Focus on the Flowers, Not the Frost

 

daffodil with frost (1)

Emily Dickinson described March as “the month of expectation, the things we do not know.” She also said, “A light exists in spring not present on the year at any other period—when March is scarcely here.”

Even though it is not yet the Ides of March, my home in Tennessee has experienced both seventy-degree days and below freezing temperatures this month. We’ve had sun; we’ve had snow.

The highs and lows of life, like the highs and lows of the weather, are all around us.

In his book The Screwtape Letters, C. S. Lewis refers to these ups and downs as “the law of undulation.” These “troughs and peaks” occur naturally for everyone. Although today may be Friday, we can be reassured that Sunday is on the horizon!

William Wordsworth appeared to be having a melancholy day when he penned his poem “Daffodils.” He undulated from loneliness at the beginning to a heart filled with pleasure at the end—all because of a few flowers.

I wandered lonely as a Cloud

That floats on high o’er Vales and Hills,

When all at once I saw a crowd

A hosting of dancing Daffodils… 

daffodil-in-the-snow

They flash upon that inward eye

Which is the bliss of solitude,

And then my heart with pleasure fills,

And dances with the Daffodils.

These daffodils are our first sign of spring. Tennyson and the British refer to them as Lent Lilies, often called this because of their appearance just before Easter. Other areas of the United States use the terms buttercups, Narcissus, and jonquils. (Remember Amanda Wingfield’s obsession with jonquils in The Glass Menagerie?)

These flowers bring us joy after a long cold winter. In the words of Solomon, “See! The winter is past; the rains are over and gone. Flowers appear on the earth; the season of singing has come, the cooing of doves is heard in our land.” (Song of Songs 2:11-13)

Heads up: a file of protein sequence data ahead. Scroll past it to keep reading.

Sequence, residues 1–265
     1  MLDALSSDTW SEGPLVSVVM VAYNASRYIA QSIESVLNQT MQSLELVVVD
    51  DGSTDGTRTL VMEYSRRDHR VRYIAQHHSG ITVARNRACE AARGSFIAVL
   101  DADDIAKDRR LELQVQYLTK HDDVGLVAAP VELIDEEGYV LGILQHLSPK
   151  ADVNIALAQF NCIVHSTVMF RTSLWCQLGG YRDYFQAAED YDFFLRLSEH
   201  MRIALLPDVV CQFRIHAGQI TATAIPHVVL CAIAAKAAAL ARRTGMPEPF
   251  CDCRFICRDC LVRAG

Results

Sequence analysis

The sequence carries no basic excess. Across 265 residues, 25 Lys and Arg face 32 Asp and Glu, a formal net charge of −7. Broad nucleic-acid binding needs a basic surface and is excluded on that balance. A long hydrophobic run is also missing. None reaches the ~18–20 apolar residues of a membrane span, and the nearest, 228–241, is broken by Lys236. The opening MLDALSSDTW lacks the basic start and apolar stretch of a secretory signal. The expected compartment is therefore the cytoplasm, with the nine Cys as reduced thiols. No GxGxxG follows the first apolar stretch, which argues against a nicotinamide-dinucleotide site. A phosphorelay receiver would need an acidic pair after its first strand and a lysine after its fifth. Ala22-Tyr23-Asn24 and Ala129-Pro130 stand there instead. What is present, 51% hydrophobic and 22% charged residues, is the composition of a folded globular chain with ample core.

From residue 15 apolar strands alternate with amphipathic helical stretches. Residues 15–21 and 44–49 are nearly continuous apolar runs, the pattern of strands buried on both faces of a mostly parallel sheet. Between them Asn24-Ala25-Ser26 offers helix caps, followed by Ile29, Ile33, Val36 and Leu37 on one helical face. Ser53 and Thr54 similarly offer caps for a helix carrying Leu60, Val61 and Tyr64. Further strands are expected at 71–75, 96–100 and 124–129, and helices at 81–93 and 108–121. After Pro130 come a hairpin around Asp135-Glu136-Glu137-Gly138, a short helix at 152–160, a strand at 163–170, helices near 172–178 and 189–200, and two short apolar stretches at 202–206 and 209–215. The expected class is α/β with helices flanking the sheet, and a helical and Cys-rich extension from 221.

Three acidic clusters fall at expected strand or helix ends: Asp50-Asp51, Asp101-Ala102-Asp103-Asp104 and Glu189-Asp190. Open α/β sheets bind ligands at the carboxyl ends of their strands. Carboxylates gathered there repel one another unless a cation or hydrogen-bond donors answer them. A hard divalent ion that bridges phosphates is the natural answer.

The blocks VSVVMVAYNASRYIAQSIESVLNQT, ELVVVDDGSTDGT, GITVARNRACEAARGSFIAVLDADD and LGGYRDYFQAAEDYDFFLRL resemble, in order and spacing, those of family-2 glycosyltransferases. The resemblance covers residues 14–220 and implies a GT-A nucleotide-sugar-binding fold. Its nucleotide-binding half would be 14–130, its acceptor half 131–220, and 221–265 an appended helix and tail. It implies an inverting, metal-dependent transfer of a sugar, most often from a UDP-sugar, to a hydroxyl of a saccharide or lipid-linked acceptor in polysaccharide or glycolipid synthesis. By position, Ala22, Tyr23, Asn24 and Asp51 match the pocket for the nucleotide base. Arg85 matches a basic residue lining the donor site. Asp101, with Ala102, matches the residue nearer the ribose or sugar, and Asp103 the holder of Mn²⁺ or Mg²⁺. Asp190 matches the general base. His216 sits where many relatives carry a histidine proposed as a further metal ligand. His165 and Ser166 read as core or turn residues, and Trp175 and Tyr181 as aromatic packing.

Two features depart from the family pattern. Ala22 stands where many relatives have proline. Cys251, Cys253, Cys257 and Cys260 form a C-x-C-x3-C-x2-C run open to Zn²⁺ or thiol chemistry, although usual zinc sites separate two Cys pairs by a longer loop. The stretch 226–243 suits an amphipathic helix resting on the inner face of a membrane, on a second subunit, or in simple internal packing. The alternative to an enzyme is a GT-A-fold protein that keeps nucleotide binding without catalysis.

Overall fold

March is a month filled with special occasions. We can choose to celebrate Pi Day (March 14), or we can dread being pinched for not wearing green on St. Patrick’s Day (March 17). We can fret over Severe Weather Preparedness Month, or we can celebrate a child on Absolutely Incredible Kid Day (March 16).

Yes, we lost an hour of sleep last weekend, but now we can enjoy more daylight in the evening.

When I started writing this morning, a dusting of snow covered the tree branches in my yard. Now, rays of sunshine pouring through my sunroom have warmed my pages and my pen.

March can be a month of madness (ahem) or a month of marvels. You choose.

Deuteronomy 30:19: “…  I have set before you life and death, blessings and curses. Now choose life, so that you and your children may live.”

One thought on “Focus on the Flowers, Not the Frost

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